Transcriptional Markers of Harmful Algal Bloom TerminationEPA Grant Number: F07E20938
Title: Transcriptional Markers of Harmful Algal Bloom Termination
Investigators: Brosnahan, Michael L.
Institution: MIT/WHOI Joint Program
EPA Project Officer: Jones, Brandon
Project Period: January 1, 2007 through January 1, 2010
RFA: STAR Graduate Fellowships (2007) RFA Text | Recipients Lists
Research Category: Aquatic Ecology and Ecosystems , Academic Fellowships , Fellowship - Oceanography and Coastal Processes
I am developing assays of harmful algal blooms’ physiological status. With such assays, future research can characterize stresses encountered by blooms and describe the impact these stresses have on bloom persistence. Bloom declines caused by nutrient stress are associated with formation of resting cysts – the “seed” stage of many phytoplankton species. Patterns in the deposition of these cysts may be a major determinant of a bloom’s range and intensity across seasonal time scales. Further, because deposition patterns are known to reflect nutrient distributions, deposition patterns may also be affected by coastal nutrient pollution. An understanding of the relationships between nutrient stresses and the formation of resting cysts is likely to offer insight into the process of present-time bloom decline, future bloom intensity, and the impacts of changes in coastal nutrient loading.
The onset of nutrient stress in blooms of the toxic dinoflagellate, Alexandrium fundyense, is associated with a switch in the behavior of these cells from mitotic division to sexual fusion. While vegetative and gamete cells are morphologically similar, the difference in their respective behaviors is profound and reflects a change in the suite of molecules expressed by these cell types. A method for assessing both the diversity of cellular RNA molecules and their relative abundance is serial analysis of gene expression (SAGE). SAGE libraries are currently being constructed from a variety of cells samples under different physiological stresses. These libraries will be sequenced and then compared to generate sets of molecular marker candidates. Candidate markers will then be screened under a variety of laboratory and field conditions using macroarray and quantitative PCR assays to verify that they are true markers of either nutrient stress or sexual status.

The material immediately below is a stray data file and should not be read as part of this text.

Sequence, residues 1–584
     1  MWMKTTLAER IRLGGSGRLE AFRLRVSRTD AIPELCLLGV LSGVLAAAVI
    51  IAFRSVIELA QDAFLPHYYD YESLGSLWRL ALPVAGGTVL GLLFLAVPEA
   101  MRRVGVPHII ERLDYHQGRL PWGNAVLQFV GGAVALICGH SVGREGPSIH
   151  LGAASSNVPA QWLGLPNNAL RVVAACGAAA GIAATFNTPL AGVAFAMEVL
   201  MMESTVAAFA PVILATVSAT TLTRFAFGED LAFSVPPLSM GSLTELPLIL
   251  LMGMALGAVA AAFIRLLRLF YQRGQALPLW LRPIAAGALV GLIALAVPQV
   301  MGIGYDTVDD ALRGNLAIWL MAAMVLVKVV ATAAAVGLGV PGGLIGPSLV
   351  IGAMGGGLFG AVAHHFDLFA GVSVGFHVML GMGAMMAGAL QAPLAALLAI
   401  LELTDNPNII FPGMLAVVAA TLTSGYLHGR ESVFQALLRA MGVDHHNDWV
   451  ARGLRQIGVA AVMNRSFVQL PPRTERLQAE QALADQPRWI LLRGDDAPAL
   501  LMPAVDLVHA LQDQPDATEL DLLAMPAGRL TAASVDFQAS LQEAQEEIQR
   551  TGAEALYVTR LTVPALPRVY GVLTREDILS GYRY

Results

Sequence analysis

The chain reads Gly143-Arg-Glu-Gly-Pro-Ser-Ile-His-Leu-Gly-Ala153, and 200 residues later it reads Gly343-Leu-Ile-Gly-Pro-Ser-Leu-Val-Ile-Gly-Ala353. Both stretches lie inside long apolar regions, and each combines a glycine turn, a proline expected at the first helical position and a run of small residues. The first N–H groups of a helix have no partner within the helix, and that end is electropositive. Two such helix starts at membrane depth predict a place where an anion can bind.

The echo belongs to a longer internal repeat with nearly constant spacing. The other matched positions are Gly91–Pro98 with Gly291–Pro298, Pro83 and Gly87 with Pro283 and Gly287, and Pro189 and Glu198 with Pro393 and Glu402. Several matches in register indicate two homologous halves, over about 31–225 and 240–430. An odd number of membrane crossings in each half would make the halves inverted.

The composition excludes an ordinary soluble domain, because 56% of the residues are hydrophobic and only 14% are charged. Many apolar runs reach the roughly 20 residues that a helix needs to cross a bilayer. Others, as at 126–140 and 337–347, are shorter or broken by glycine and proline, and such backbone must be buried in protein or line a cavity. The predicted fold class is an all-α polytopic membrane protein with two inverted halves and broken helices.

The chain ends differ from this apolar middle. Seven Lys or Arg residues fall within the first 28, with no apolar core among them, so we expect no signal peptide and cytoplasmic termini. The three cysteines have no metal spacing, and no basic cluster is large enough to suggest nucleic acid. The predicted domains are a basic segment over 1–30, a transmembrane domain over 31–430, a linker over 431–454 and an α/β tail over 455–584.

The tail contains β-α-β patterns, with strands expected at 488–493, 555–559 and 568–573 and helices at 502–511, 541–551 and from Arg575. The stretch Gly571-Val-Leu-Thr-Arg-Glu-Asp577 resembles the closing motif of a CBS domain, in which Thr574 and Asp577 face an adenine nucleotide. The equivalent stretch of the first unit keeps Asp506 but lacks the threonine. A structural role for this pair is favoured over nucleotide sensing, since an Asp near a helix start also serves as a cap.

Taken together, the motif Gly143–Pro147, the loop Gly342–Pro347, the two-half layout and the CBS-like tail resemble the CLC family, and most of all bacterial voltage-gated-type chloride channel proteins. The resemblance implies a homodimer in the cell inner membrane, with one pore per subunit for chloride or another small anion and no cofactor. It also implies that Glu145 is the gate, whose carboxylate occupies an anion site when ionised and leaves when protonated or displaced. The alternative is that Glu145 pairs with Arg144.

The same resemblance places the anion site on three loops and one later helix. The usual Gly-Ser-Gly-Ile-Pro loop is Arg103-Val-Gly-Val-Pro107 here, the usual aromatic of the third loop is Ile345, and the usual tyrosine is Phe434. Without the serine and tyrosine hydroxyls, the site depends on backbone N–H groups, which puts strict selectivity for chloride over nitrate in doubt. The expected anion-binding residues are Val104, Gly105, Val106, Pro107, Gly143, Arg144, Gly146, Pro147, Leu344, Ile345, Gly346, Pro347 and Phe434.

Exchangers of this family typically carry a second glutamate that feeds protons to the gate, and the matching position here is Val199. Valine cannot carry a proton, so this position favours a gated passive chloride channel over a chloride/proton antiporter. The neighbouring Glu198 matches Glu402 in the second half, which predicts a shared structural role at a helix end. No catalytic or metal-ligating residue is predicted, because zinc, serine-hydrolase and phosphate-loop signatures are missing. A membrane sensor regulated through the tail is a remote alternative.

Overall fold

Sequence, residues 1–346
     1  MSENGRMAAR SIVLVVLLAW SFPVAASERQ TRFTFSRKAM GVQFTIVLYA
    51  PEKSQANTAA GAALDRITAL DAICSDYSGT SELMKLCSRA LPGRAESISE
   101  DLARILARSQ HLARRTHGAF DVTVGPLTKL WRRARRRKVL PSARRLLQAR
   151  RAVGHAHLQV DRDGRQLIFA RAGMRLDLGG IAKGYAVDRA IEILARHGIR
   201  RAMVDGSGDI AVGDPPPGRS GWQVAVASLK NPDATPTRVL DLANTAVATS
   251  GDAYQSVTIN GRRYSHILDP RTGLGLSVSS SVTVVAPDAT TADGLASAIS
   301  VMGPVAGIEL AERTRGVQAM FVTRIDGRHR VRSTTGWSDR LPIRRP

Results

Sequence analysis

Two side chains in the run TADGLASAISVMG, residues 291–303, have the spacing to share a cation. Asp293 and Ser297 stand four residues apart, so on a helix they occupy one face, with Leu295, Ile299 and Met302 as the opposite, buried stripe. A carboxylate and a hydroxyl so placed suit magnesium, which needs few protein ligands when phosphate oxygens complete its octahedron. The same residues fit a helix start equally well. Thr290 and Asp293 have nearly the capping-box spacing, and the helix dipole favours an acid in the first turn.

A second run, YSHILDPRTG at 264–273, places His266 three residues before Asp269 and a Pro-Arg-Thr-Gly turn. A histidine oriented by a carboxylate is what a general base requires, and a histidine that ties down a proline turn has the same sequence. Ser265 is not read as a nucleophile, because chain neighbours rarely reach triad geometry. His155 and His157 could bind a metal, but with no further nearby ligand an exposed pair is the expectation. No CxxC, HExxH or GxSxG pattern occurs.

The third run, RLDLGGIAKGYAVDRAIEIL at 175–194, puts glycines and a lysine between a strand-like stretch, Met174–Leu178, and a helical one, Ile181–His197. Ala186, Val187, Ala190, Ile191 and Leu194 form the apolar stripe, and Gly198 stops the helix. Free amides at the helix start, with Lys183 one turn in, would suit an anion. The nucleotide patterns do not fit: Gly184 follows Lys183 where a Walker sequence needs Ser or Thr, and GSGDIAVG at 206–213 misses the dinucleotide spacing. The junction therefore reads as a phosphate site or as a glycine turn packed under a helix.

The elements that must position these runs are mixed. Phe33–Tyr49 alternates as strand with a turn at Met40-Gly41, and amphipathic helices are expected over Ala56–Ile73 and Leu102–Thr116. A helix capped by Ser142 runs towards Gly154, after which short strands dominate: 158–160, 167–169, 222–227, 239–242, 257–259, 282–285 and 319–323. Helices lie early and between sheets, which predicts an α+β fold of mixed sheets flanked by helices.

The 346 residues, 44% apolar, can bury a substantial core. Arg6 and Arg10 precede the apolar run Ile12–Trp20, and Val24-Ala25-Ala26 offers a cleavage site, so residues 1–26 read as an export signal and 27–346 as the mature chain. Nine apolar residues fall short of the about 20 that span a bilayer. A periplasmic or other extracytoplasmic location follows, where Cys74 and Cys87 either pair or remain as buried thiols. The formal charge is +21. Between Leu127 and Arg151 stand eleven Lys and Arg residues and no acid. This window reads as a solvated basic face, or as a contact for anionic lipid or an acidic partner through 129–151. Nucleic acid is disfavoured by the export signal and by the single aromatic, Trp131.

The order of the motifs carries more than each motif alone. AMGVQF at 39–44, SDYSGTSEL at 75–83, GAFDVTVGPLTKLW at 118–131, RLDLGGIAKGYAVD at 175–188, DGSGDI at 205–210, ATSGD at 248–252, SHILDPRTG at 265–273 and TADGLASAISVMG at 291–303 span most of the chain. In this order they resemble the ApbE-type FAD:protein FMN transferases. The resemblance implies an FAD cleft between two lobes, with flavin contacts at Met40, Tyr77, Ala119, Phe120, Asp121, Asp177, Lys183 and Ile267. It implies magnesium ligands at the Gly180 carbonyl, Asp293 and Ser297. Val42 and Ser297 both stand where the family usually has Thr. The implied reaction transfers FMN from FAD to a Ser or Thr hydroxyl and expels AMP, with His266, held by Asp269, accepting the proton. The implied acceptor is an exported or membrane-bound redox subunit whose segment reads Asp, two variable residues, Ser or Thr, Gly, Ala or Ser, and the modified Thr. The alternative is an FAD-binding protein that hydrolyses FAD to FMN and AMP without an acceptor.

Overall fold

Identification of genes that are highly and specifically regulated during sexual induction and nutrient stress can lead to the development of transcriptional marker assays for these conditions. The development of such transcriptional marker assays will enable research into the relationships between coastal nutrient pollution and harmful algal blooms. Such assays will also provide tools to inform coastal resource managers of the present status of a chronic harmful algal bloom in New England waters.